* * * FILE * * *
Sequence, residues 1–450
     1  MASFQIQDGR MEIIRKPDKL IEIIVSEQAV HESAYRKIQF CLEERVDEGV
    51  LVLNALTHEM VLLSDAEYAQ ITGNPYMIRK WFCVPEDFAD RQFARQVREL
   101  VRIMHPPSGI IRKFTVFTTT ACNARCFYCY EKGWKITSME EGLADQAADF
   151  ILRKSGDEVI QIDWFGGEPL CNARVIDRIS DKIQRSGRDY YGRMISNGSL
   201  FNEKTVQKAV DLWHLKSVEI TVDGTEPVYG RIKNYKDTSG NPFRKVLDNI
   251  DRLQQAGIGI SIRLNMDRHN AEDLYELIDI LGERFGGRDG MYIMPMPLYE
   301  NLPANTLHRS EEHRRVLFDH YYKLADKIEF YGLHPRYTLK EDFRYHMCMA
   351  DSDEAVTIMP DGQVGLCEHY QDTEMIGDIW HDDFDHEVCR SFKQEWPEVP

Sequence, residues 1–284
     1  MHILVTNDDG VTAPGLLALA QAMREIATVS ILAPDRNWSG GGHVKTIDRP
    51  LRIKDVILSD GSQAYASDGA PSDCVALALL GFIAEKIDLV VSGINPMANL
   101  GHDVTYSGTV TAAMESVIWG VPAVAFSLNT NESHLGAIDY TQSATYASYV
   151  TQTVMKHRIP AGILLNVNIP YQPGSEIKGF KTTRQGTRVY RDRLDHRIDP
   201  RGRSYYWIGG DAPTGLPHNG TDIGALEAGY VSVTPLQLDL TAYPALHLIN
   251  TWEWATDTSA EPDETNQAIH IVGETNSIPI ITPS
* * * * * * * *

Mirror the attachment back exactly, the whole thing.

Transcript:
Sequence, residues 1–450
     1  MASFQIQDGR MEIIRKPDKL IEIIVSEQAV HESAYRKIQF CLEERVDEGV
    51  LVLNALTHEM VLLSDAEYAQ ITGNPYMIRK WFCVPEDFAD RQFARQVREL
   101  VRIMHPPSGI IRKFTVFTTT ACNARCFYCY EKGWKITSME EGLADQAADF
   151  ILRKSGDEVI QIDWFGGEPL CNARVIDRIS DKIQRSGRDY YGRMISNGSL
   201  FNEKTVQKAV DLWHLKSVEI TVDGTEPVYG RIKNYKDTSG NPFRKVLDNI
   251  DRLQQAGIGI SIRLNMDRHN AEDLYELIDI LGERFGGRDG MYIMPMPLYE
   301  NLPANTLHRS EEHRRVLFDH YYKLADKIEF YGLHPRYTLK EDFRYHMCMA
   351  DSDEAVTIMP DGQVGLCEHY QDTEMIGDIW HDDFDHEVCR SFKQEWPEVP

Sequence, residues 1–284
     1  MHILVTNDDG VTAPGLLALA QAMREIATVS ILAPDRNWSG GGHVKTIDRP
    51  LRIKDVILSD GSQAYASDGA PSDCVALALL GFIAEKIDLV VSGINPMANL
   101  GHDVTYSGTV TAAMESVIWG VPAVAFSLNT NESHLGAIDY TQSATYASYV
   151  TQTVMKHRIP AGILLNVNIP YQPGSEIKGF KTTRQGTRVY RDRLDHRIDP
   201  RGRSYYWIGG DAPTGLPHNG TDIGALEAGY VSVTPLQLDL TAYPALHLIN
   251  TWEWATDTSA EPDETNQAIH IVGETNSIPI ITPS